British Columbia

People's Party and Mavericks attack Conservative stronghold in B.C.

The Conservative Party under Erin O'Toole is being attacked as too left-leaning and beholden to Ontario and Quebec by a pair of new parties hoping to gain ground in northeastern British Columbia, prompting a warning from a Canadian anti-hate group.

Anti-hate group warns of rise in populist sentiments from PPC candidates, supporters

A Maverick Party sign along a Prince George highway. (Andrew Kurjata/CBC)

For five decades, the Prince George-Peace River-Northern Rockies riding in northeastern B.C. has been a conservative stronghold, reliably electing right-leaning candidates. But now the Conservative Party under Erin O'Toole is being attacked as too left-leaning and beholden to Ontario and Quebec by a pair of new parties.

They hope to gain ground in the area they envision as friendly to their respective ideologies despite one party prompting warnings from Canadian anti-hate groups.

"In almost any way that matters to conservative voters, [the Conservatives] aren't conservative any more," said Ryan Dyck, a Fort St. John businessman running for the People's Party of Canada in the riding, which includes a portion of Prince George and extends east to Alberta and north to Yukon.

Dyck cited O'Toole's support for reproductive rights as well as his reverse course on a promise to repeal Liberal gun laws as two key reasons he can no longer support the party he's voted for in years past.

Dyck is one of two candidates in the riding trying to poach right-leaning voters away from the Conservatives. The other is Dave Jeffers, a businessman who also feels the O'Toole Conservatives have lost their way and is pitching the new Maverick Party as a better alternative.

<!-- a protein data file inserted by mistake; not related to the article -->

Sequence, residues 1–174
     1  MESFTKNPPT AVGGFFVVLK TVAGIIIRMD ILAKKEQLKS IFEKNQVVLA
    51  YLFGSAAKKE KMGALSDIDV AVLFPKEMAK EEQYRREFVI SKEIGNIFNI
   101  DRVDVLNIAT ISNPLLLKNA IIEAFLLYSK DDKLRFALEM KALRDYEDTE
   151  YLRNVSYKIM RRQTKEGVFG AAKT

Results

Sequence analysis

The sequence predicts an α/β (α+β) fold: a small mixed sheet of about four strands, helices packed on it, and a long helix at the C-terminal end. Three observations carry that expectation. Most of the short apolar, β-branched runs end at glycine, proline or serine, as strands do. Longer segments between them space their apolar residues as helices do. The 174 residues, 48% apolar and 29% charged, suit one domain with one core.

Unlike the People's Party, which is running candidates across the country, the Mavericks are taking a cue from the Bloc Québécois and the defunct Reform Party by homing in on western provinces who they feel aren't adequately represented in Ottawa.

Maxime Bernier at a campaign event in Fort St. John, B.C. (People's Party of Canada)

"The problem with having a national party is that every party has to placate Ontario and Quebec to win, which means you have to sacrifice the values of the west every time," Jeffers said. "The Maverick Party will not run a candidate east of Manitoba."

There are differences between the People's Party and the Mavericks. Both parties oppose a price on carbon, but while the People's Party disagrees with decades of research indicating climate change is human-caused, the Maverick platform says they believe in the need to reduce carbon emissions through other means.

And while the PPC falsely scapegoats immigrants as a burden on the Canadian economy, the Mavericks view newcomers as a net benefit to the Canadian economy and society, while pushing for more provincial control over immigration policy.

Fareed Khan, the founder of Canadians United Against Hate, says the populist bent the People's Party is using to gain support is a dangerous trend.

PPC promotes anti-vaccine anger

Khan describes the party's platform as "bigoted."